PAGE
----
Though humans have been studying and experimenting with fungi for thousands of years, our knowledge of them remains fairly limited. It is estimated that there are between two and four million species within the kingdom fungi, many of which are microscopic, yet we have only documented about 120,000 so far. Because of the kingdom's vast biodiversity, it's no surprise that its species play such varied roles in our lives. Fungi can kill us, heal us, make us hallucinate, feed us, and feed on us.

It can be a bit difficult to wrap your mind around, especially when you think about the fact that one genus of fungi is responsible for both penicillin and the making of brie, camembert, and blue cheeses. But rather than focusing on the vastness of the fungal kingdom, if you have a bodily fungus like athlete's foot, you'd probably prefer to focus on getting rid of it. That's what antifungal soaps are meant to do.

How Soap Is Made

Humans have been producing soap for nearly five thousand years, since ancient Babylonian times. Generally speaking, the production of soap involves combining a plant or animal fat with an alkaline substance, such as lye. In ancient soaps, the typical alkali used was ash, though limestone was also popular in areas where it naturally occurred. As continues to be the case, fragrance was often added to enhance the experience of the finished product.

There are two basic processes that make soap, one hot and one cold. These processes are the same ones that both artisanal and industrial soap-makers use, the only difference being the scale of production.

Generally speaking, the production of soap involves combining a plant or animal fat with an alkaline substance, such as lye.

In truth, the cold process of making soap does involve some heat. However, that heat is typically generated from the chemical reaction of mixing lye with oil, unlike the hot process, which uses an external heat source. Both processes require the dissolution of lye in water before mixing it into the oil. Once mixed, the substance begins to thicken, at which point it is safe to add other ingredients to enhance the final product, like fragrances and antifungals.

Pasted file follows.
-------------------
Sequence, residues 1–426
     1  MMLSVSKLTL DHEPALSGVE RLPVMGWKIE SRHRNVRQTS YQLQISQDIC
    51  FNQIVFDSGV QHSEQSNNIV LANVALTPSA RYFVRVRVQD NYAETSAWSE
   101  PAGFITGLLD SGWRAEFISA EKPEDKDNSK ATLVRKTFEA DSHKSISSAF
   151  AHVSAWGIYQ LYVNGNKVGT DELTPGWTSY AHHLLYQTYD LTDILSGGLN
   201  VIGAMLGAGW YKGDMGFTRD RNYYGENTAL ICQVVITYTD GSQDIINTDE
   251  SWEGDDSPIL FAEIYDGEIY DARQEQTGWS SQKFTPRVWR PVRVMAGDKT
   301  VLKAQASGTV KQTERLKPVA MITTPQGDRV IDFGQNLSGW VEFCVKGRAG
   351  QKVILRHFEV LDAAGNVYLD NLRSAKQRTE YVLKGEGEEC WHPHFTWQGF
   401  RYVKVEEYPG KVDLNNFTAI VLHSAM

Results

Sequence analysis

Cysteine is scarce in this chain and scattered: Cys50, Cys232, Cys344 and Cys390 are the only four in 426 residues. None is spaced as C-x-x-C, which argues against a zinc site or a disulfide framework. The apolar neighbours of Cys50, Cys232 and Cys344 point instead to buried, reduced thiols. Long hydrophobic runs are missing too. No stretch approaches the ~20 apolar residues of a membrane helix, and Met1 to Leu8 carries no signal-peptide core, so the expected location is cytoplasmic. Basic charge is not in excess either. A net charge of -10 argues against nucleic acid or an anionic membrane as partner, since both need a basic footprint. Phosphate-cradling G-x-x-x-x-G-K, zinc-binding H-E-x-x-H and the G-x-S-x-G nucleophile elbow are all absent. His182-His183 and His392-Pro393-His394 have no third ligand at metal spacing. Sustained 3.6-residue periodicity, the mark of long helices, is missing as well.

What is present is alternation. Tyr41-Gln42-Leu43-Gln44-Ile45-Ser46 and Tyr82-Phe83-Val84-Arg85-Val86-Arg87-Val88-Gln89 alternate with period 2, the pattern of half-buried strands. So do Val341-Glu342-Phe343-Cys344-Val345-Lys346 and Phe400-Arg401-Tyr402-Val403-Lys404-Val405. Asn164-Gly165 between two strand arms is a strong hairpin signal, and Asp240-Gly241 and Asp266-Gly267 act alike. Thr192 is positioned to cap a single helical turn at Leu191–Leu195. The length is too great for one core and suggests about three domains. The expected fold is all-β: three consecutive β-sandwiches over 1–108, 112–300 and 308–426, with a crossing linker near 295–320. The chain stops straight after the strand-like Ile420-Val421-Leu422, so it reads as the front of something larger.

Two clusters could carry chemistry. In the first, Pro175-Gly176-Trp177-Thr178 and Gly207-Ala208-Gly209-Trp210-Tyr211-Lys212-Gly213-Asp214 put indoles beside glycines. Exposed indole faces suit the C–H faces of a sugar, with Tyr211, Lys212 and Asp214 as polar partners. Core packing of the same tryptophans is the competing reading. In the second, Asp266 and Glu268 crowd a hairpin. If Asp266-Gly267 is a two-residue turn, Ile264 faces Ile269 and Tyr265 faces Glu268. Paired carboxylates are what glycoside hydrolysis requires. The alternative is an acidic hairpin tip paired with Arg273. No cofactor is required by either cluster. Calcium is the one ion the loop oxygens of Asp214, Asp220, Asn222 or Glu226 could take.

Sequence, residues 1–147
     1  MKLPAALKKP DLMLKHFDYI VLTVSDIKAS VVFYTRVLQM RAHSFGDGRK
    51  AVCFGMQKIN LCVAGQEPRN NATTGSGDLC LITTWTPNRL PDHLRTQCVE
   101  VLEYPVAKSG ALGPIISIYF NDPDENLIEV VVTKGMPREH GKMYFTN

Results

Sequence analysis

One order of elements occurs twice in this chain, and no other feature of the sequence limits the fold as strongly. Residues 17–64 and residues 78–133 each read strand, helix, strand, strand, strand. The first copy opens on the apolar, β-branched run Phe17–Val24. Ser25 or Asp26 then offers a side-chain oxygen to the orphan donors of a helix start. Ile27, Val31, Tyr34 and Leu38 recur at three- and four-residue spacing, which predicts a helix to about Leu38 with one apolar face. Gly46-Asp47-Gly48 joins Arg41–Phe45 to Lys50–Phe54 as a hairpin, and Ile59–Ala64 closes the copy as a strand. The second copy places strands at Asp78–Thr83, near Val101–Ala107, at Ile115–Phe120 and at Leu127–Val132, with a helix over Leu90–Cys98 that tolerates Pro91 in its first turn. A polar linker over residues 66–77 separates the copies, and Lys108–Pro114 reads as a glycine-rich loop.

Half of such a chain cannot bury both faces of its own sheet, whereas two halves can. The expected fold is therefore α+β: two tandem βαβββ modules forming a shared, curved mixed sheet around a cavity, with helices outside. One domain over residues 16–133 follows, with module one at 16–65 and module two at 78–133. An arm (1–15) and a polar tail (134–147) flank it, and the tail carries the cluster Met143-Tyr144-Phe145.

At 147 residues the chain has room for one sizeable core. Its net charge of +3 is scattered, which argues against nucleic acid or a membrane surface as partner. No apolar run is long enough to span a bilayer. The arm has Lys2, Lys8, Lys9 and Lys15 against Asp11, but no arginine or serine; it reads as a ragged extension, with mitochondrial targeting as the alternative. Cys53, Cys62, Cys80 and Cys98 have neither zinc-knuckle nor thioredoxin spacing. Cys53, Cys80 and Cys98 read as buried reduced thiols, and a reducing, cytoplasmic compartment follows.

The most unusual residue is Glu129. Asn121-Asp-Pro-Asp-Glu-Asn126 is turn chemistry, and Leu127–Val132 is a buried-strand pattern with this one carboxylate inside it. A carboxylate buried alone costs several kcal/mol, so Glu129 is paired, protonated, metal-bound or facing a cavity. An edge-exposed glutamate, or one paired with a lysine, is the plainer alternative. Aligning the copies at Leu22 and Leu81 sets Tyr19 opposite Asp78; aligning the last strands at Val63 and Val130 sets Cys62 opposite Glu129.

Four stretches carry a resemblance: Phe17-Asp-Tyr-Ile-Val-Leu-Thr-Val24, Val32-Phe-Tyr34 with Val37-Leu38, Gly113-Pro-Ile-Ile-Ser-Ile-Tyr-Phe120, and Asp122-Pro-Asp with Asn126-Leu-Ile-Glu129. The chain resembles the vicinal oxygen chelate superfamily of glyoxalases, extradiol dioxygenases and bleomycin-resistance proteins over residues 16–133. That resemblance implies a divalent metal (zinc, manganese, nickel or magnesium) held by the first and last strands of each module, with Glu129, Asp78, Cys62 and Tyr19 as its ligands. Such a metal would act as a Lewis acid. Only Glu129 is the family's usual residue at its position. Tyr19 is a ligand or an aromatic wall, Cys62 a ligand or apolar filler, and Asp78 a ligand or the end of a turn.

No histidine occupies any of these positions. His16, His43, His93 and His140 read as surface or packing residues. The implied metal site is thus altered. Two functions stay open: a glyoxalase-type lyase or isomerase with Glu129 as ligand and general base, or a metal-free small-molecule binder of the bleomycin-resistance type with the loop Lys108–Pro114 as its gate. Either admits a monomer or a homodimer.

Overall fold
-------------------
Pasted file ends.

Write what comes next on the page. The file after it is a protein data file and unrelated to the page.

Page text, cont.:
Once mixed, the soap can be poured into molds and left to cure. During this process, the excess water evaporates and the soap becomes increasingly solid. For cold process soaps, this can take up to eight weeks to complete, depending on the amount of water used, as well as the ambient temperature and humidity. Hot process soaps cure more quickly, because the heat applied in the mixing process expedites the chemical reaction that leads to saponification.

The process of making soap is fairly simple and highly customizable. In addition to fragrances and other additives, one can add dyes to achieve colorful results and unique patterns. A wide range of oils is acceptable, according to the preferences of the manufacturer as well as the desired qualities of the finished product. Oils like coconut, almond, and palm create a more bubbly lather. Milk, yogurt, and aloe vera can replace some or all of the water used to create a smoother texture. The hardness of the finished product can be altered by adjusting the ratio of oils that are solid at room temperature to those that are liquid.

The Uses And Limits Of Antifungal Soap

There is a wide range of antifungal soaps on the market. They differ from the more common antibacterial variety in that they contain ingredients that are specifically designed to treat fungus on your body. Common active ingredients include ketoconazole and miconazole, which are synthetic antifungal medications, as well as plant-based substances like tea tree oil and benzoic acid.

You may need something more potent to take care of certain conditions.

Depending on the type you buy, antifungal soap can treat a wide variety of conditions. These range from conditions which cause body odor to athlete's foot, nail fungus, and jock itch. They can also treat many skin irritations, as well as medical conditions like ringworm and tinea versicolor, the latter of which is a common cause of skin discoloration.

If you're suffering from something you think might be a result of a fungal infection but antifungal soap doesn't seem to be doing the trick, it's a good idea to see a doctor. You may need something more potent to take care of certain conditions. A variety of prescription medications and creams is available to those who need them. If your condition seems to be worsening despite or even as a result of the use of one of these soaps, you should strongly consider taking medical action sooner rather than later.

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Brett Dvoretz
Last updated on July 23, 2020 by Brett Dvoretz

A wandering writer who spends as much time on the road as in front of a laptop screen, Brett can either be found hacking away furiously at the keyboard or, perhaps, enjoying a whiskey and coke on some exotic beach, sometimes both simultaneously, usually with a four-legged companion by his side. He has been a professional chef, a dog trainer, and a travel correspondent for a well-known Southeast Asian guidebook. He also holds a business degree and has spent more time than he cares to admit in boring office jobs. He has an odd obsession for playing with the latest gadgets and working on motorcycles and old Jeeps. His expertise, honed over years of experience, is in the areas of computers, electronics, travel gear, pet products, and kitchen, office and automotive equipment.